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Kerry denies he spoke with Iranian foreign minister about Israeli airstrikes in Syria

Some Republicans are calling for an inquiry into whether former US Secretary of State and current presidential climate envoy John Kerry shared potentially sensitive information with Iran, but Kerry denies such a conversation ever took place.
John Kerry

Biden administration climate envoy John Kerry is facing criticism for comments he allegedly made to an Iranian diplomat about Israel’s operations in Syria. The former secretary of state denies the conversation ever happened. 

An audiotape of Iranian Foreign Minister Mohammad Javad Zarif leaked April 25. In the recording, Zarif said Kerry told him that Israel had attacked Iran’s assets in Syria at least 200 times, The New York Times reported. 

The outlet did not mention when exactly the conversation purportedly took place. Kerry served as secretary of state under President Barack Obama from 2013 to 2017 and worked on the 2015 nuclear deal with Iran. Zarif’s comments referred to regular Israeli airstrikes against Iranian military targets in Syria. 

"If true, this reporting is incredibly concerning,” said Rep. Michael McCaul of Texas, the top Republican on the House Foreign Affairs Committee in a tweet Monday.  “I already had significant concerns about Secretary Kerry serving as the climate envoy, but reportedly relaying sensitive information to the number one state sponsor of terrorism is just unfathomable.”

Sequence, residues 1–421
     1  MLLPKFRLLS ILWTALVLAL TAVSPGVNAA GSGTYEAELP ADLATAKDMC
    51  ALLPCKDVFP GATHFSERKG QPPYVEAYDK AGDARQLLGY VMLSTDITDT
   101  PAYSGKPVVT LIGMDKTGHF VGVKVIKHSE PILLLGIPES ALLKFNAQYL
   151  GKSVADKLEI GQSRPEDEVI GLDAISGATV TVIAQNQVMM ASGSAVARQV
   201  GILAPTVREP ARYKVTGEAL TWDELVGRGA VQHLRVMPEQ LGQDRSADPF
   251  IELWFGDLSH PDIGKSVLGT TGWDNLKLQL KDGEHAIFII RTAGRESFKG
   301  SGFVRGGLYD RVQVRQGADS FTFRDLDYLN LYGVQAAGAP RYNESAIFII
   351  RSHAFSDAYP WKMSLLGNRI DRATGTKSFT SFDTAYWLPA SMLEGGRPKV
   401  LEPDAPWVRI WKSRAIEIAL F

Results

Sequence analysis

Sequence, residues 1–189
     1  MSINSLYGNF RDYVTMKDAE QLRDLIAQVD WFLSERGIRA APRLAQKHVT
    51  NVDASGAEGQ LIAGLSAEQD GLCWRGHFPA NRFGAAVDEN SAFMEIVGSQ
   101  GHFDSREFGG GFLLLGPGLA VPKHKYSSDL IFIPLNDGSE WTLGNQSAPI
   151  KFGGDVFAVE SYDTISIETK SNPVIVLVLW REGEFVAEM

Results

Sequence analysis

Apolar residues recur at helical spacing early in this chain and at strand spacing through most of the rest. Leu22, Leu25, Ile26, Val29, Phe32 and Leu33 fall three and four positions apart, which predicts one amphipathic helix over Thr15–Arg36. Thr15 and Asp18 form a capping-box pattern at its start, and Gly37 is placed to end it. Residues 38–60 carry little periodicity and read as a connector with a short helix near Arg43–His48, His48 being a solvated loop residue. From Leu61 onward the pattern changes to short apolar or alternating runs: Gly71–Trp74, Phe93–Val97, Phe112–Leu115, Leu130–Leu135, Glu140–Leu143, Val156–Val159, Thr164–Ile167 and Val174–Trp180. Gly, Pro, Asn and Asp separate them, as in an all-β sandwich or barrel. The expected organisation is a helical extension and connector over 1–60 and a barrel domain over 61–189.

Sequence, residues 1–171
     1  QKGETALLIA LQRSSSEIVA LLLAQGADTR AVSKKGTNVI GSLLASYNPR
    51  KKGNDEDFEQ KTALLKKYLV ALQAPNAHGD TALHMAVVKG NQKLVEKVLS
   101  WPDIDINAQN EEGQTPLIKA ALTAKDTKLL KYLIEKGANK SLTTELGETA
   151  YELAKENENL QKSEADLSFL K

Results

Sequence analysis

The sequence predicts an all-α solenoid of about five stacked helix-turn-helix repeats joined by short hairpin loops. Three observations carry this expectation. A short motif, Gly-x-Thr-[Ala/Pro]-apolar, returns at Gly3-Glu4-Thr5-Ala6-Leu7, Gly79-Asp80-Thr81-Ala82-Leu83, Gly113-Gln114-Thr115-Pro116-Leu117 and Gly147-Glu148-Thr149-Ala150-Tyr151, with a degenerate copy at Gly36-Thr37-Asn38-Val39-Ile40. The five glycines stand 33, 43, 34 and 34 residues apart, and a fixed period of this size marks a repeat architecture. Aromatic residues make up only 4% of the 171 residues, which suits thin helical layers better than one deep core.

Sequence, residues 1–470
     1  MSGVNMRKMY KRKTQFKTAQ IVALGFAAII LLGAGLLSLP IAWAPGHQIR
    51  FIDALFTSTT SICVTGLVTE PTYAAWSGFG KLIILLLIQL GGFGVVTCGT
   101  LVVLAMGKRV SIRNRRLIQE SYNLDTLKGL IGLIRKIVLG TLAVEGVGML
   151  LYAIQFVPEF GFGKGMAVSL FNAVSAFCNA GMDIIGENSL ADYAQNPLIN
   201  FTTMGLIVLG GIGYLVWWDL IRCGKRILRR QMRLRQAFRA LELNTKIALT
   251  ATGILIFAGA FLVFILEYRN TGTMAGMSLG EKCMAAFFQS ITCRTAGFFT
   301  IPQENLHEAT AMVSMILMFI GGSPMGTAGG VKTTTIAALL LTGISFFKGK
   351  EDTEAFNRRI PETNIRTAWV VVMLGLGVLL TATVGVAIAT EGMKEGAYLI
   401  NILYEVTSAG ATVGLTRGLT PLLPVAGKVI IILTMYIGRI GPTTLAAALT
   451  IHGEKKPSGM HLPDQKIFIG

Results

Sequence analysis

Republican Sen. Marsha Blackburn of Tennessee also called for a Senate investigation into the comments.

Kerry adamantly denied such a conversation took place, however. 

“I can tell you that this story and these allegations are unequivocally false,” he tweeted Tuesday. “This never happened — either when I was Secretary of State or since.” 

State Department spokesman Ned Price addressed the issue yesterday, saying that the alleged remarks are unverified. 

“This is purportedly leaked material. Can’t speak to the authenticity, can’t speak to the accuracy of it, can’t speak to any motives that may be behind its dissemination,” he told reporters

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